“The topic must be outdoor oriented,” said Julius, adding that students can talk about nature experiences they have had including while fishing, hunting, boating, canoeing, hiking, or camping. Any prose or poetic form is acceptable.
One junior and one senior winner will be chosen from each of the six New England states. The winning state entries will then be judged for the best of New England. Junior and senior state winners will each receive an award certificate and $125. The junior and senior New England winners will receive an additional $150.
The written work should not exceed 500 words, noted Julius. Also, entrants must submit four legible 81/2 x 11 copies of his or her work with a title of the entry and the author’s name. The submission package must also include one cover sheet including name, address, telephone, e-mail, grade in school and age.
“Giving out the prizes to young writers for this contest is such a rewarding experience and such acknowledgement for young writers and can become a defining life-changing moment to motivate them to continuing to communicate in writing about their outdoor experiences and their love of nature,” said Lyon.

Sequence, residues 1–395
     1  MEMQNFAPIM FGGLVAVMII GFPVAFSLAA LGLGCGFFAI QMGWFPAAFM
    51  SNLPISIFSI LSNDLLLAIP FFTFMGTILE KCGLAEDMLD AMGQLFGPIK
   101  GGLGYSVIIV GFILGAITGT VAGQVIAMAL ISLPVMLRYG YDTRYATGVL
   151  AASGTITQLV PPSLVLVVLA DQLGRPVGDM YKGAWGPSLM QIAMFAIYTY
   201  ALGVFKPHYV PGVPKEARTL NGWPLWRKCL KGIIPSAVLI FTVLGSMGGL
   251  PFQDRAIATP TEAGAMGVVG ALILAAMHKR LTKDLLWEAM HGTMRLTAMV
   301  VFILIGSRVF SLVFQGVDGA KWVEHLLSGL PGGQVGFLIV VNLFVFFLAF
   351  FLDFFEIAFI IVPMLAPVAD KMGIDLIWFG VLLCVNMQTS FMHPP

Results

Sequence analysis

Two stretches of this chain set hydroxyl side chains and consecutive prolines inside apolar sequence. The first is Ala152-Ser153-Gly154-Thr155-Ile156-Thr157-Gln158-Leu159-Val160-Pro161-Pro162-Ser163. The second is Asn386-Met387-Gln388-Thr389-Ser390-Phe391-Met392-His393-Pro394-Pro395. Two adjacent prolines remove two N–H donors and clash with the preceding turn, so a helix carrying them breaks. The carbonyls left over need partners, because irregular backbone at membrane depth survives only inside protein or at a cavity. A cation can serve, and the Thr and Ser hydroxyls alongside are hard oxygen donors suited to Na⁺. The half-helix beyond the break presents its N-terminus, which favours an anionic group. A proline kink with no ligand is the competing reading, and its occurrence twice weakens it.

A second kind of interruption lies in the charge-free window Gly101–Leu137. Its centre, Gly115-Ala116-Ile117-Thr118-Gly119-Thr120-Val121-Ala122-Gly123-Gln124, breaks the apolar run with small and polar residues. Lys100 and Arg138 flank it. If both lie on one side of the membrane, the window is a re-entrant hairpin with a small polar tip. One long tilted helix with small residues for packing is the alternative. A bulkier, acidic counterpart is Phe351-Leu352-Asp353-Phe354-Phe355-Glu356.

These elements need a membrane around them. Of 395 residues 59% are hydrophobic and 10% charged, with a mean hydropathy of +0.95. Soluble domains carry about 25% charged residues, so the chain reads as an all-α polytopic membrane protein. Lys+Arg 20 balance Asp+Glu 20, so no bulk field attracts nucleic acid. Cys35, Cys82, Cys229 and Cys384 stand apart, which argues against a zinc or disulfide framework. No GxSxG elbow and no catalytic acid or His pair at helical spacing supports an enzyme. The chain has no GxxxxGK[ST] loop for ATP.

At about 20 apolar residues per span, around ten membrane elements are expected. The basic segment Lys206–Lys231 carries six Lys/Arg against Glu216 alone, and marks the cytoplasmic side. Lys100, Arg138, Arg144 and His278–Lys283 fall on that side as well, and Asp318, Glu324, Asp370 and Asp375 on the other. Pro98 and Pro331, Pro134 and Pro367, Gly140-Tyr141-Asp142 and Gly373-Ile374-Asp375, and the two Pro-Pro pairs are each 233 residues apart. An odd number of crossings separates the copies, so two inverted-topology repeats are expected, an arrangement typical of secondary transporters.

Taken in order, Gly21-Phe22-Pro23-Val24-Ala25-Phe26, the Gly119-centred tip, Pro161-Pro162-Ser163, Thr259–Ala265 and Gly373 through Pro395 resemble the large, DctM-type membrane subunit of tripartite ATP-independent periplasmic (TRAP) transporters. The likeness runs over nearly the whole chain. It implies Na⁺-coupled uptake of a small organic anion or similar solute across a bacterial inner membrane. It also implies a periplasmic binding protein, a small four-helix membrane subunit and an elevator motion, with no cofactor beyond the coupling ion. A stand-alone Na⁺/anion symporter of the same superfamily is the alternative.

Entries must be mailed to Julius at 487 Central St., East Bridgewater, MA 02333 and entrants must also email one copy of their entry to Julius at [email protected]
Julius is reaching out to libraries, Boy and Girl Scout troops, and other youth outdoor organizations to help promote the contest.
NEOWA will announce the contest winners in the spring. NEOWA also reserves the right to publish the winning entries in their publications and on its website.
For more information on the writing contest and last year’s winning entries, visit
“In today’s hectic, fast-paced world, along with what some experts are calling nature-deficit disorder, our organization is taking a step in the right direction by offering interested youngsters an outlet to tell the stories of what they see and experience in the outdoors,” said Julius.